- An Unexpected Friendship (for my friend Amy Julia's blog about "faith, family and disability"), a follow-up to the post my friend Tryn wrote about the good and bad experiences she's had with friendship, as a woman with Down syndrome
- Banking on God Alone: Why I Won't Be Freezing My Eggs (Her.meneutics)
- Tonight: The June art murmur.
Judging by the weather today, it should be a nice night for it. Head to
the 19th St. BART station and walk north up Broadway from there (map).
- Tomorrow: Healing prayer brunch/meeting
at the Davises house, 10 a.m. This will be an information session and
discussion of the book we've been reading, Francis McNutt's Healing. So far it's been a very thought-provoking look at the church's changing view of the body and suffering, among other topics.
- June 16: Better world bake-off, organized by the Beardsleys and a few other Christ Church families. Come for the eats or to enter your fair-trade baked good!
- This year marks the 40th anniversary of one of the most iconic photographs of the Vietnam War: an image a naked girl whose close had been burned away by napalm. The Associated Press interviews the subject, Kim Phuc, now a Canadian citizen. One interesting, but unexplained, aside in the story mentions her reading a Bible. In a piece for NPR a few years ago, Phuc explained more about how her conversion to Christianity helped her learn to forgive. As the late Chuck Colson describes, this extended to her forgiving the pilot of the plane years later.
- I thought this story about a photographer of kids with albinism and other disabilities covered a really interesting perspective on beauty. The artist in question started as a commercial photographer, but founded an organization called Positive Exposure, where you can see more of his portraits.
- Book covers in the age of ebooks: why they still matter.
- The minute I saw "Astaire" in the headline for this blog post, I knew I had to see what it was about. Ever since I discovered him sometime in junior high or early high school, thanks to the Phoenix library's video collection, I have adored the onscreen dancing of Fred Astaire. If you're not familiar with his work, it can be easy to dismiss, but routines like this inspired number in a gym, where he dances with coat rack and various pieces of athletic equipment and the stylish "Puttin' on the Ritz" exemplify why his dancing has such enduring appeal. For more on Astaire, read the full, 3,700-word book review that inspired the blog post. Or better yet, add one of his films with Ginger Rogers to your Netflix queue (though you might secure a copy faster at your local library branch).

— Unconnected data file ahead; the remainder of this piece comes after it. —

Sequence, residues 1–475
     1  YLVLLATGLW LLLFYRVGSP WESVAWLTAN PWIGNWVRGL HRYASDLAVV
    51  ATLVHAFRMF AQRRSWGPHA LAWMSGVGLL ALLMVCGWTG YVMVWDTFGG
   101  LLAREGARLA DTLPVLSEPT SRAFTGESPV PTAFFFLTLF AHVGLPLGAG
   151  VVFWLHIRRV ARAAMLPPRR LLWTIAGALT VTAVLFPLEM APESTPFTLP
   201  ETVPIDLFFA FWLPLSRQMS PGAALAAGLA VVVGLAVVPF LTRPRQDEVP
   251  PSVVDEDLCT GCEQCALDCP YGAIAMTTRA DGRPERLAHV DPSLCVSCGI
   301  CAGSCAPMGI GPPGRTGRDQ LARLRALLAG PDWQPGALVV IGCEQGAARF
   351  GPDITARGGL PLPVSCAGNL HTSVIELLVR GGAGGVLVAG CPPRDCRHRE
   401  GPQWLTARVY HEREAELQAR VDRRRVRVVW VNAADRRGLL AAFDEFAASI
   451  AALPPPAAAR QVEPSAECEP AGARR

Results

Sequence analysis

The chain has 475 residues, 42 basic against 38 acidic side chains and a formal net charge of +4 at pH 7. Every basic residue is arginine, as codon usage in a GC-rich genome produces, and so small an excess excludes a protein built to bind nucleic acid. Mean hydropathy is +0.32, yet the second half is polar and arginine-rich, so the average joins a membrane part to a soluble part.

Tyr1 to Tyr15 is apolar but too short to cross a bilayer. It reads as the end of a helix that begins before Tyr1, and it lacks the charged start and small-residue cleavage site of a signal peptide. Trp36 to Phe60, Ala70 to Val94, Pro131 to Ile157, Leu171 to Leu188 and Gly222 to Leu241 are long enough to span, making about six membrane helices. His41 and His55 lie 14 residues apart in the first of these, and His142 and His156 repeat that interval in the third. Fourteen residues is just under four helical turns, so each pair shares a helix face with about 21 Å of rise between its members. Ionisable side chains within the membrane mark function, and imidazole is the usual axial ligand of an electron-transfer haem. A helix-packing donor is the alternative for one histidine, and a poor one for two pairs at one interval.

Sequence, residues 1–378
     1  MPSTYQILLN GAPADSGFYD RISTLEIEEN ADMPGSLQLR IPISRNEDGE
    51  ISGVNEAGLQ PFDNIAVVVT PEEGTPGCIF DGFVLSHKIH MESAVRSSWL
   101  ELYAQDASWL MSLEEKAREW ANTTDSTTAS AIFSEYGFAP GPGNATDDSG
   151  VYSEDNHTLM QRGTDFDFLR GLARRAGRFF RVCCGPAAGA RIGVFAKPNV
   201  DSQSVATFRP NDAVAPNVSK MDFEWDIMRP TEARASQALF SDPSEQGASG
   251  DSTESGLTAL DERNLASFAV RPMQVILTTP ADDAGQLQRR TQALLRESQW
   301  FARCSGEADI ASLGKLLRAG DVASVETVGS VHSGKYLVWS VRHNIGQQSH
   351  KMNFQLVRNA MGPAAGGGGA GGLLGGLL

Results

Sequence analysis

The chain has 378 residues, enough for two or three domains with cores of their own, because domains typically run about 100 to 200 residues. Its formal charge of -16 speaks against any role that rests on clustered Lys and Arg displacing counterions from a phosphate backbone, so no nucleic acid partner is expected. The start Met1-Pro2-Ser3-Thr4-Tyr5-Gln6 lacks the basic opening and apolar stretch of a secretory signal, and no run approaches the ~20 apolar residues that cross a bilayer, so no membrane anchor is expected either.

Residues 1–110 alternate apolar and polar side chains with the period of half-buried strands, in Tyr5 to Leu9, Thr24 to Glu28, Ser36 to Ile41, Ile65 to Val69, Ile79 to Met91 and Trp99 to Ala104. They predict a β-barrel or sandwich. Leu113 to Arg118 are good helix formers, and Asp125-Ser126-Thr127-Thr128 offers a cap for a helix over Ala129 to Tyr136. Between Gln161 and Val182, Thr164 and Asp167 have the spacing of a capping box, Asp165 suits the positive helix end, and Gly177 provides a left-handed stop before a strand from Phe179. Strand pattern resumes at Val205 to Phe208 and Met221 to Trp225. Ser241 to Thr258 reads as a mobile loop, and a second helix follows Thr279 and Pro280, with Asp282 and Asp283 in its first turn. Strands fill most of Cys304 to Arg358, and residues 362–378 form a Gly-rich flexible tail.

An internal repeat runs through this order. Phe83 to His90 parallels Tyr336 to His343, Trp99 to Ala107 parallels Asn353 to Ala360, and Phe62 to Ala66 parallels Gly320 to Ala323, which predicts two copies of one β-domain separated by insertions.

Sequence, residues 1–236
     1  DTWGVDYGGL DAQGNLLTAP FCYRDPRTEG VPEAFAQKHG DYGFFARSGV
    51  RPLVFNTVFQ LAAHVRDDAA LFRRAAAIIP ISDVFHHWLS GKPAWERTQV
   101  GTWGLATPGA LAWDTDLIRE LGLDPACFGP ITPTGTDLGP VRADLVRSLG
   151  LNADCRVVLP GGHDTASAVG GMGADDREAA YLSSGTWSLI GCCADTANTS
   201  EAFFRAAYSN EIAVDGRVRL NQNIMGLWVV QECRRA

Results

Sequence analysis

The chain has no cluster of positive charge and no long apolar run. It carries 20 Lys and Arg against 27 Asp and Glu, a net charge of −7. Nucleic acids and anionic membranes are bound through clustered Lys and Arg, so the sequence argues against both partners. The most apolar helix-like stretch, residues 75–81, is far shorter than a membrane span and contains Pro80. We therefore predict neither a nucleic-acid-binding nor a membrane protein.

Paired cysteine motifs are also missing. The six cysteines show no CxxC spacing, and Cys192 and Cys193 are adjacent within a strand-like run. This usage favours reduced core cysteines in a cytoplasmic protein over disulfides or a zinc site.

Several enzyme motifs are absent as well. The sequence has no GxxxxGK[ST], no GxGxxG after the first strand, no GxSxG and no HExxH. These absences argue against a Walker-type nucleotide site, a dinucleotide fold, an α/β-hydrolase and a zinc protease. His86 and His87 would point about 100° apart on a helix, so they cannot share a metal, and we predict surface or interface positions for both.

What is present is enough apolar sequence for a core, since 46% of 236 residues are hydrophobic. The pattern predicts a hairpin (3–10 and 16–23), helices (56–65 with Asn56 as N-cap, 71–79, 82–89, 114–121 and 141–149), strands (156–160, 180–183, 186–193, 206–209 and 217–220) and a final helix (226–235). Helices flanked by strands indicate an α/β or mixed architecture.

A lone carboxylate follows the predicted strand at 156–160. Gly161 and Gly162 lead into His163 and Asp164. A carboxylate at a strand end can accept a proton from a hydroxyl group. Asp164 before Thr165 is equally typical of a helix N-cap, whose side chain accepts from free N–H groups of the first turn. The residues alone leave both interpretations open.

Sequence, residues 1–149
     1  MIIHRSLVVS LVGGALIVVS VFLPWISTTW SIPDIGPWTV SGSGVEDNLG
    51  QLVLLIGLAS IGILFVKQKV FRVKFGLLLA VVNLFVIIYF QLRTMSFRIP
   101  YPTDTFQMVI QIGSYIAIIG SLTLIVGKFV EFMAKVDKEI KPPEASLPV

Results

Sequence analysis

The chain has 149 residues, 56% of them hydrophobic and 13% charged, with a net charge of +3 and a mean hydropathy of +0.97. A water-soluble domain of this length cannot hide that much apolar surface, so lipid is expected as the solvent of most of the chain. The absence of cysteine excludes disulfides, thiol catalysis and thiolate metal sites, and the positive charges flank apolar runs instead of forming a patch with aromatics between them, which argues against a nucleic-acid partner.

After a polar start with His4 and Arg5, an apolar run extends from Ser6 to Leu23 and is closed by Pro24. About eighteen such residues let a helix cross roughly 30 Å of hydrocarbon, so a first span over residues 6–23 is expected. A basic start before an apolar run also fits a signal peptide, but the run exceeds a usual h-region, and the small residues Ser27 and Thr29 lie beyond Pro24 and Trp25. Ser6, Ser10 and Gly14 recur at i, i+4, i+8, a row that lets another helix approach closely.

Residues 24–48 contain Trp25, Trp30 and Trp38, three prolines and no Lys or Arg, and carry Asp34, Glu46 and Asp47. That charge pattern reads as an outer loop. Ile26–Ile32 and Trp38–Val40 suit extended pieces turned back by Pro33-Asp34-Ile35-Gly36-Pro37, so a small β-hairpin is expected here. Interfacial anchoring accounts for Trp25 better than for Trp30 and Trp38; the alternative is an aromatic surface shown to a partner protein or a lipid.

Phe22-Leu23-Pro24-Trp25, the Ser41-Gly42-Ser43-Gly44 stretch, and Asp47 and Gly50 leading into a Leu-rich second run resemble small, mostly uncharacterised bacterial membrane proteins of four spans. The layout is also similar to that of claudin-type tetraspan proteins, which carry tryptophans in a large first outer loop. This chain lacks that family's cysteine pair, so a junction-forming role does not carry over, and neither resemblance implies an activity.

- I'm sure not every 86-year-old paper folder would nab a story in The
New York Times, but her boxes are truly beautiful!
- Is the stuffy listening culture of concert halls is necessary — or truly in keeping with tradition? A symphony executives looks at classical music's audience problem.
- In advance of the next Fiona Apple album (her first in several years), The New York Times has an interview.
- This is a slide show that was recently shared at a tech conference.
The first several slides are a bunch of stats on internet/mobile
adoption and so on, but about midway through, the presenter started
looking at the re-imagination of various media/activities like
photography, drawing, etc., which I thought might interest you all.
- In this week's New York Times Magazine, the focus is innovations.
Some ideas sound interesting, some unsettling, none boring. For some
reason, the only one I can remember was an implant for your teeth that
would somehow notify you of bacteria growth.
- If you've ever eaten soup at the St. Clairs, you know that Catherine is a master of garnishes. That's just the part of the recipe I'll often leave out, but with this excellent dal I found online a while back, the "tomato relish" garnish is essential. Plan on about two hours making it, start to finish, but about half of that is simmer time. Yield: about 10 cups.
- Infusion tip: During a tasting at Alameda's St. George Spirits last night (aka, the Hangar 1 vodka folks), I learned that the vodka you use for infusions really does matter. According to the bartender, lower-proof vodkas only break down the fruit or other organic items soaked in them, but don't actually extract the juices, etc. For that you need a high-proof vodka, ideally something like Everclear, though you can't get that in California. He said the higher-proof vodkas are also infused with flavor much faster than lower-proof (regular vodka is about 40 proof, I believe). So far I've been using a 100-proof vodka from Bevmo for my infusions, but thought I'd share that tip for the cocktail purists out there.